#6

There are numerous oil spots in my driveway at this time but I can’t determine if they were there prior to the car ceasing. I will be sure to put cardboard under it when it comes back.
thanks!


#7

You mentioned the plugs. He replaced my titanium plugs with something else that he says has a 500,000 mile warranty. Don’t titanium plugs have a lifetime warranty? Should I make him put my titanium into this engine? (if he didn’t hock them already)


#8

I just rec’d a call from the shop. He said that the plugs were soaked with oil. He called the seller & they’re sending a replacement engine on Monday.
Thank you so much for your prompt response If the “new” engine doesn’t work out, I’ll be right back here!
:slight_smile:


#9

Something is going on here. I have never heard of either titanium spark plugs or spark plugs with a 500,000 mile warranty. What kind of spark plug has a 500,000 mile warranty, and who would install them in a Toyota Corolla? NGK copper cores are the way to go for this car, and change them every 30k miles. As for your engine, you may have gotten one that had been poorly maintained or had sat around for years without being sold. Sometimes sitting for a long time will cause the oil rings to stick, resulting in excessive oil consumption. I have an old Chevy truck that sat for four years before I bought it and it uses about a quart of oil every 800-900 miles because of this. I also think you paid way too much for the engine, unless the price of used engines skyrocketed in the last month and nobody bothered to tell me.


#10

Outstanding. Who’s covering the cost of installing the replacement? Now might be a good time to read the warranty. Just in case.


#11

Titanium plugs? Are you sure you don’t mean Iridium or Platinum? And he replaced them with plugs with a 500,000 mile warranty? This sounds quite suspicious to me. Titanium isn’t a particularly conductive metal and wouldn’t make for an effective spark plug.


#12

Just as an FYI, the longest lasting spark plug out there is irridium, 8 times harder than platinum, which is now the old standard. Some new car manufacturers claim irridium electrodes will last 100,000 miles, but leaving them in there that long might leave one stuck with plugs seized into the holes. Even irridium should be changed every 50,000 miles IMHO.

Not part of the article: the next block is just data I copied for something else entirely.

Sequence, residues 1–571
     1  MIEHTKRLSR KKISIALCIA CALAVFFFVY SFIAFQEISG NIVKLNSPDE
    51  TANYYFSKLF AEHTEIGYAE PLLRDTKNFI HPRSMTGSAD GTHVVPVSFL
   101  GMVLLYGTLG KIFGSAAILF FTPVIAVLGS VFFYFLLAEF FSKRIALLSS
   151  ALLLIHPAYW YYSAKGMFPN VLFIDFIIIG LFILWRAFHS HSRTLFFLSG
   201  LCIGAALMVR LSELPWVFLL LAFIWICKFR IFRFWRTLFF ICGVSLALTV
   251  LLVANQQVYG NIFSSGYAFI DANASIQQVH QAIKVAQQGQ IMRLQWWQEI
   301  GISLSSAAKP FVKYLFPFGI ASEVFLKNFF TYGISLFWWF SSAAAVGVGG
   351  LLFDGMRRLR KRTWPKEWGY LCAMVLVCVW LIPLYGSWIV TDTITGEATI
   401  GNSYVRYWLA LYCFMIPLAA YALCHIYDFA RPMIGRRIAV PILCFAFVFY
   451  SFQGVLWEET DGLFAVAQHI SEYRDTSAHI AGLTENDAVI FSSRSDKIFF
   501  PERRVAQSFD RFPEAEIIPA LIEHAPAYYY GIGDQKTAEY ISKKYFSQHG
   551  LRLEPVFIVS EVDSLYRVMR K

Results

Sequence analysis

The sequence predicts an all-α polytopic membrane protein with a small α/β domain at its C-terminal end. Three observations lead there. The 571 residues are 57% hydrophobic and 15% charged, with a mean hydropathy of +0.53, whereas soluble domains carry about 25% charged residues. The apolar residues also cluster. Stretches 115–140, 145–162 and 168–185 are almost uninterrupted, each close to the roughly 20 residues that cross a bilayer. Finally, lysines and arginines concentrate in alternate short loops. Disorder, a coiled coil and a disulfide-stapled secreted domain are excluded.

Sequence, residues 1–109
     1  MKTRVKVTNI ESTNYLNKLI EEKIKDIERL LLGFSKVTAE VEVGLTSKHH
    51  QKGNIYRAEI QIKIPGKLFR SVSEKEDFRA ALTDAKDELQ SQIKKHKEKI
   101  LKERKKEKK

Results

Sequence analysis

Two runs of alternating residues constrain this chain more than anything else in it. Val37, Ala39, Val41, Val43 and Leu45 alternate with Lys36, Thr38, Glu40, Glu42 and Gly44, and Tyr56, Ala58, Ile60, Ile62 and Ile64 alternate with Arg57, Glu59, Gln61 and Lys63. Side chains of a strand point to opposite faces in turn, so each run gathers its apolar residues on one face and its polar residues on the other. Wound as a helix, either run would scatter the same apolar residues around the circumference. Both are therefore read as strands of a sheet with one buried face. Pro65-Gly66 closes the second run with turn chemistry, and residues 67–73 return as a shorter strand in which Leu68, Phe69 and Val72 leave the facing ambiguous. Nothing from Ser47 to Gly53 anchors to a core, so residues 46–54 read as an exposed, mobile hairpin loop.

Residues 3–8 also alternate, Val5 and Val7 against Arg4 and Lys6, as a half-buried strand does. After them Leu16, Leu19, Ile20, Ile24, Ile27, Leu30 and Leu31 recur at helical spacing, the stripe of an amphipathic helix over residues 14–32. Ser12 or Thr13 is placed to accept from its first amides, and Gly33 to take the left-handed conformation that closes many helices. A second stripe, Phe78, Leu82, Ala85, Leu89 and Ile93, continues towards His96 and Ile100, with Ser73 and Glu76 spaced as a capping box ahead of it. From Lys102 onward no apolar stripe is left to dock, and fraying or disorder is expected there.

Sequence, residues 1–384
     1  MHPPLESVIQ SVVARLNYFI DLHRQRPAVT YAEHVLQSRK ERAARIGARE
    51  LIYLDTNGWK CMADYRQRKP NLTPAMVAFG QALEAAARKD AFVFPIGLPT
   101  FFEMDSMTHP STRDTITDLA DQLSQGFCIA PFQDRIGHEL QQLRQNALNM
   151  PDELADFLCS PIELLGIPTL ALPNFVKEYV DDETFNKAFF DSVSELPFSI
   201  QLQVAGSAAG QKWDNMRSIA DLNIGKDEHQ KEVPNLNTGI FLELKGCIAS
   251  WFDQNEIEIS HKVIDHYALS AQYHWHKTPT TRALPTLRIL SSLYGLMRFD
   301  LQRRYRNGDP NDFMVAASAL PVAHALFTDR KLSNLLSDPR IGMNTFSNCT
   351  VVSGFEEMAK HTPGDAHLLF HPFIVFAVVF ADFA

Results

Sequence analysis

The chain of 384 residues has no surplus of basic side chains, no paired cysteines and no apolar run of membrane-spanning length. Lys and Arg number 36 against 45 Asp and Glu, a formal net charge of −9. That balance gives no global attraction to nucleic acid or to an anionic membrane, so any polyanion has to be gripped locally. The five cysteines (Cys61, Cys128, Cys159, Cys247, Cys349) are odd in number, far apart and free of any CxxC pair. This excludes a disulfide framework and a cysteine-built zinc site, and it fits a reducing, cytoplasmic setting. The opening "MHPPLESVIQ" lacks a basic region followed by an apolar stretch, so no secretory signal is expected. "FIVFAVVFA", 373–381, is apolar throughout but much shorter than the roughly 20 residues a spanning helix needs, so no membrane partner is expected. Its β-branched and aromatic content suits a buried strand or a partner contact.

Titanium plugs don’t exist. Titanium is actually not a very hard metal and would not withstand the erosive effect from the high voltage discharge that the plug’s electrodes have to endure. Ti is wonderful if the goal is light weight, but would not be good for sparkplugs. It’s used to coat drill bits because it provide sort of like a lubricating effect, much like milling machines use cutting oils. But it isn’t hard enough to be a cutting edge by itself.


#13

Ahhhh…Titanium/Platinum, foil packs/coil packs. This is why I came to this website.
Thank you for setting me straight on my metals. Platinum is what I meant. Apparently, I’ve been misinformed about “lifetime” expectancy.
I’m a true believer that you learn something new everyday. Today has been a prosperous one!
Thanks Mr. Mountainbike . Have a great weekend!


#14

“let them get the car running decent then sell the damned thing?”

Yes, and be sure to tell the new owner the cars history…

“Without warning, my 2000 Toyota Corolla with 82,000 miles ran out of oil & the engine ceased.”

There was plenty of “warning” had you taken the time to check the oil now and then…


#15

Apparently the disease that prevents people from raising the hood and checking the oil level on a regular basis has reached Bubonic Plague proportions.

It seems like every other day there’s a post about a destroyed or damaged engine due to this malady.